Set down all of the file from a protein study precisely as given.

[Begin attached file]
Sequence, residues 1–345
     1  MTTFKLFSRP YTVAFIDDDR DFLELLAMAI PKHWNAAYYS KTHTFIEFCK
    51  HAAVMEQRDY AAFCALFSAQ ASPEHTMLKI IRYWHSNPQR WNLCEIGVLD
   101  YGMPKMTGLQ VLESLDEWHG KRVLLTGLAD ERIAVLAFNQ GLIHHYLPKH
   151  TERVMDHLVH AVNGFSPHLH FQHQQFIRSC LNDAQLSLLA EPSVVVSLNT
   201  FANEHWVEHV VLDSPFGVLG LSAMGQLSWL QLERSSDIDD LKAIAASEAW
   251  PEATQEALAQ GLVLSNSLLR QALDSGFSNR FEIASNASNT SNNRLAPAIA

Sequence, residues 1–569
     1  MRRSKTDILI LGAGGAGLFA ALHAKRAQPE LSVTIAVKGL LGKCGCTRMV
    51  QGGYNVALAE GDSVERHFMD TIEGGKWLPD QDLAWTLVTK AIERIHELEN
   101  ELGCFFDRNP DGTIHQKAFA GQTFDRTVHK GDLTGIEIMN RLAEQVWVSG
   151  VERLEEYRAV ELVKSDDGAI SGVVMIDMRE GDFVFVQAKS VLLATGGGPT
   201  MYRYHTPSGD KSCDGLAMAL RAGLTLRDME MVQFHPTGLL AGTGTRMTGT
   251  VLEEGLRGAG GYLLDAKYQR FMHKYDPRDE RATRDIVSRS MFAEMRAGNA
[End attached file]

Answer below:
Sequence, residues 1–345
     1  MTTFKLFSRP YTVAFIDDDR DFLELLAMAI PKHWNAAYYS KTHTFIEFCK
    51  HAAVMEQRDY AAFCALFSAQ ASPEHTMLKI IRYWHSNPQR WNLCEIGVLD
   101  YGMPKMTGLQ VLESLDEWHG KRVLLTGLAD ERIAVLAFNQ GLIHHYLPKH
   151  TERVMDHLVH AVNGFSPHLH FQHQQFIRSC LNDAQLSLLA EPSVVVSLNT
   201  FANEHWVEHV VLDSPFGVLG LSAMGQLSWL QLERSSDIDD LKAIAASEAW
   251  PEATQEALAQ GLVLSNSLLR QALDSGFSNR FEIASNASNT SNNRLAPAIA

Sequence, residues 1–569
     1  MRRSKTDILI LGAGGAGLFA ALHAKRAQPE LSVTIAVKGL LGKCGCTRMV
    51  QGGYNVALAE GDSVERHFMD TIEGGKWLPD QDLAWTLVTK AIERIHELEN
   101  ELGCFFDRNP DGTIHQKAFA GQTFDRTVHK GDLTGIEIMN RLAEQVWVSG
   151  VERLEEYRAV ELVKSDDGAI SGVVMIDMRE GDFVFVQAKS VLLATGGGPT
   201  MYRYHTPSGD KSCDGLAMAL RAGLTLRDME MVQFHPTGLL AGTGTRMTGT
   251  VLEEGLRGAG GYLLDAKYQR FMHKYDPRDE RATRDIVSRS MFAEMRAGNA